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Black American stars in search of African identity

In recent years, a number of African American celebrities have received African citizenship or have traveled to Africa to trace their roots.

African-American rapper and actor Ludacris, whose real name is Christopher Brian Bridges, has become the last American celebrity to take the nationality of an African country. In August 2019, actor and producer Samuel L Jackson also received a Gabonese passport after being greeted by Ali Bongo, the president of Gabon. His father, Omar Bongo, has been in power for more than four decades.

Ludacris celebrated Christmas and the New Year in Gabon, where he received citizenship. The rapper’s wife, Eudoxie Mbouguiengue is Gabonese. A video uploaded to Twitter shows Ludacris with his Gabonese passport and confirming that his mother and two daughters also obtained citizenship from the small oil-rich Central African nation.

Gabon is not the only country to welcome African-Americans as citizens. In May 2019, actress Tiffany Haddish traveled to Eritrea where she obtained the nationality of the country. Some criticized her for her support for the totalitarian government of Eritrea.

And last November, Ghana organized a mass ceremony during which 126 African-Americans and Afro-Caribbean took Ghanaian nationality within the framework of the “Year of return” to the country, which marks 400 years since the arrival of the first enslaved Africans in North America.

“Africa was born in me”

The popularity of the African Ancestry genealogy society in the United States shows that many African-Americans are looking to learn more about their roots and family history. This group brings together the largest database of African DNA.

The transatlantic slave trade, which saw nearly 12.5 million Africans shipped to the New World, deprived most of Africa’s slaves of their identity and, in 400 years, erased their history. ‘Our ancestors never abandoned the Faith. We can never imprison our bodies and our minds. They allowed me to return,’ explained Ludacris on Instagram.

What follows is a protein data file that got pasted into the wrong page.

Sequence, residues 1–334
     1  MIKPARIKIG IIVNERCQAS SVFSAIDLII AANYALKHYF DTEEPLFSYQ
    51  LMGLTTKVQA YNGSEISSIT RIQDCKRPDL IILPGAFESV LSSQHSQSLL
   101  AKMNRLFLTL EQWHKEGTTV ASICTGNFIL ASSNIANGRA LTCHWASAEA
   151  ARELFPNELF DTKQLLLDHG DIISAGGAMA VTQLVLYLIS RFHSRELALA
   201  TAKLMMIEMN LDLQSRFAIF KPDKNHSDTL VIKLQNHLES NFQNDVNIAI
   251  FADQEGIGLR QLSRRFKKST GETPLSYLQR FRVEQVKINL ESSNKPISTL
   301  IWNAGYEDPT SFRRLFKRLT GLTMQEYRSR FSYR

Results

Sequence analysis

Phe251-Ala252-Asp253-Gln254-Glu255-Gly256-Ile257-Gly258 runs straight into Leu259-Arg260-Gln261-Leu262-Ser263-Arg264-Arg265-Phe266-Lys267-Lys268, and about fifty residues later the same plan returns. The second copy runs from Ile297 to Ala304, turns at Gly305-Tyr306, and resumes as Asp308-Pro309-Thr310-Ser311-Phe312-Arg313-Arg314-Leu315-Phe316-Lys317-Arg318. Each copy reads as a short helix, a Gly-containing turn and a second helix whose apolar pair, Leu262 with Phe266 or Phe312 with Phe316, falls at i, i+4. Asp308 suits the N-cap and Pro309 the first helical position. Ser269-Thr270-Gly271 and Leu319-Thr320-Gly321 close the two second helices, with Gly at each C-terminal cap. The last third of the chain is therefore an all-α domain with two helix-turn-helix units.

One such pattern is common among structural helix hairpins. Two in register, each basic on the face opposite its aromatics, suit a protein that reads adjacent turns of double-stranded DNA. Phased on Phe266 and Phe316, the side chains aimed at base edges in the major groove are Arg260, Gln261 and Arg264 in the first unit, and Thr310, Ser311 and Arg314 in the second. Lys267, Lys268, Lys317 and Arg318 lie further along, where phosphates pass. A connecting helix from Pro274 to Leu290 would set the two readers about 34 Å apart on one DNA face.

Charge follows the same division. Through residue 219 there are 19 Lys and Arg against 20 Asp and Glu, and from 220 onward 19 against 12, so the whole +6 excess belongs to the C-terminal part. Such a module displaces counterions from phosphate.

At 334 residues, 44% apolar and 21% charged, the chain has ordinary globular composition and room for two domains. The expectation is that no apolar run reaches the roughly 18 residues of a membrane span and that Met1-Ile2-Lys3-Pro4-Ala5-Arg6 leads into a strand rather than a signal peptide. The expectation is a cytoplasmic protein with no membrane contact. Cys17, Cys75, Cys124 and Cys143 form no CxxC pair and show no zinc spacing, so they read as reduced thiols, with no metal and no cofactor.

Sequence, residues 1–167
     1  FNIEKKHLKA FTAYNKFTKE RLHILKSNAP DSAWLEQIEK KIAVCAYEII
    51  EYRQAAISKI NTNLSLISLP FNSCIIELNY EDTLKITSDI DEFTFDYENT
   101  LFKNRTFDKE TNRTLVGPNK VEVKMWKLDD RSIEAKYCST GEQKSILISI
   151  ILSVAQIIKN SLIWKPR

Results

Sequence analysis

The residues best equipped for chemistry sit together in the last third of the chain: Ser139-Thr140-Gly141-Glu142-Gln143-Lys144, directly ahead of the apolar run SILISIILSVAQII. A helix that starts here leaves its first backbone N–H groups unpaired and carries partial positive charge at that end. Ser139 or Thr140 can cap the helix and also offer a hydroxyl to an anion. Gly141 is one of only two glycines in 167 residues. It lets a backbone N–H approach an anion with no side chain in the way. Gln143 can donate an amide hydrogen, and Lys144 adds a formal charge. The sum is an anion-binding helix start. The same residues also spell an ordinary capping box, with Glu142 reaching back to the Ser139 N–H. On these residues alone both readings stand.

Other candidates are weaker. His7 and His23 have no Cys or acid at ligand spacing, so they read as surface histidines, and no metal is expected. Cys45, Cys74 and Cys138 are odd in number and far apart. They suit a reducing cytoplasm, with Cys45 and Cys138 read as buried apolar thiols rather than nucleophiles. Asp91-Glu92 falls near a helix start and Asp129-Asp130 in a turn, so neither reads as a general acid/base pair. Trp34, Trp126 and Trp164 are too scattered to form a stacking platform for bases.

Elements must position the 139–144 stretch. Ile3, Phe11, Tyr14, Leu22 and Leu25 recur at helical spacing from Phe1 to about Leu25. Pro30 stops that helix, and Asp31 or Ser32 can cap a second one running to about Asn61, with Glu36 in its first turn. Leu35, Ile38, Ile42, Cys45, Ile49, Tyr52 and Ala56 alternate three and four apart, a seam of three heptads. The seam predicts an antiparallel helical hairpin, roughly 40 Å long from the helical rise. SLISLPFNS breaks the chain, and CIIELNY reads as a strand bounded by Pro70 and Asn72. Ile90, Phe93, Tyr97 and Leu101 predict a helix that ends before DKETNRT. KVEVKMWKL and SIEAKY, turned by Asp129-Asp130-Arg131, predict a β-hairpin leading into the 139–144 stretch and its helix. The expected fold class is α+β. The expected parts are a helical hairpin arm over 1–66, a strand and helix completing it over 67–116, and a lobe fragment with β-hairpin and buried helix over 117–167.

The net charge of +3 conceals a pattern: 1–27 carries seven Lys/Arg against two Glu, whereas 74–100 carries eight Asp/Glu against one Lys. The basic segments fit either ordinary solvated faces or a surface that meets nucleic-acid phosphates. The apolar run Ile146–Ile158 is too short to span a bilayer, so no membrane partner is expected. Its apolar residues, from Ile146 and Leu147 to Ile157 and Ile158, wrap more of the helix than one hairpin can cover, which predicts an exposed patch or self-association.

In one of the photos taken in front of a dungeon of slaves built by Europeans in Cape Coast, Ghana, filmed from behind, Ludacris wears a shirt with the inscription: “I am not an African because I was born in Africa. I am an African because Africa was born in me. I have returned.” It is a slogan of Ghana’s “Year of Return” program.

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‘Go home’

Samuel L Jackson chose to take Gabonese nationality after having passed a DNA test within the framework of an American documentary series ‘Finding Your Roots, ’ which reveals the family history of the stars. Its origins go back to the Benga people in Gabon. The veteran American actor has published several photos of the country, including one with a king of the Benga people. “When on a voyage of discovery, a choice of life is essential!” he wrote.

The government of Ghana has launched the “Year of Return” to encourage African-Americans and the black diaspora to return “home.” ‘The arrival of enslaved Africans [in North America] marked a sordid and sad period when our friends and relatives were forcibly taken from Africa during an era of deprivation, humiliation, and torture,’ indicates the official website of the initiative. It celebrates “the cumulative resilience” of African victims of the slave trade “dispersed and displaced” on most continents.

Restore our pride

Several black personalities have seen the New Year in Ghana. Model Naomi Campbell, actress Lupita Nyong’o, musician Akon as well as Tina Knowles, mother of pop icon Beyonce, were among the most prominent stars who attended the celebration of Afrofest. At the mass citizenship ceremony in November, African-American rabbi Kohain Halev summed up what it meant to acquire the nationality of an African country. The most precious possession that was taken from us was our identity and our connection; it was like cutting the umbilical cord. He added that obtaining Ghanaian nationality had repaired the evil: “our identity, dignity, pride that was missing are restored here.”

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Many African Americans do not feel that they are fully considered American, according to Dwayne Wong, an author who specializes in the history of the African and African diaspora. Mr. Wong believes that centuries of discrimination and being treated as “second class citizens”, and the struggle for acceptance and recognition that continues to the present day in the form of movements like “Black Lives Matter,” taught African-Americans that they are not entirely American.

For some, acquiring citizenship of an African country or finding its roots in a specific ethnic group in Africa can bring an essential feeling of belonging.

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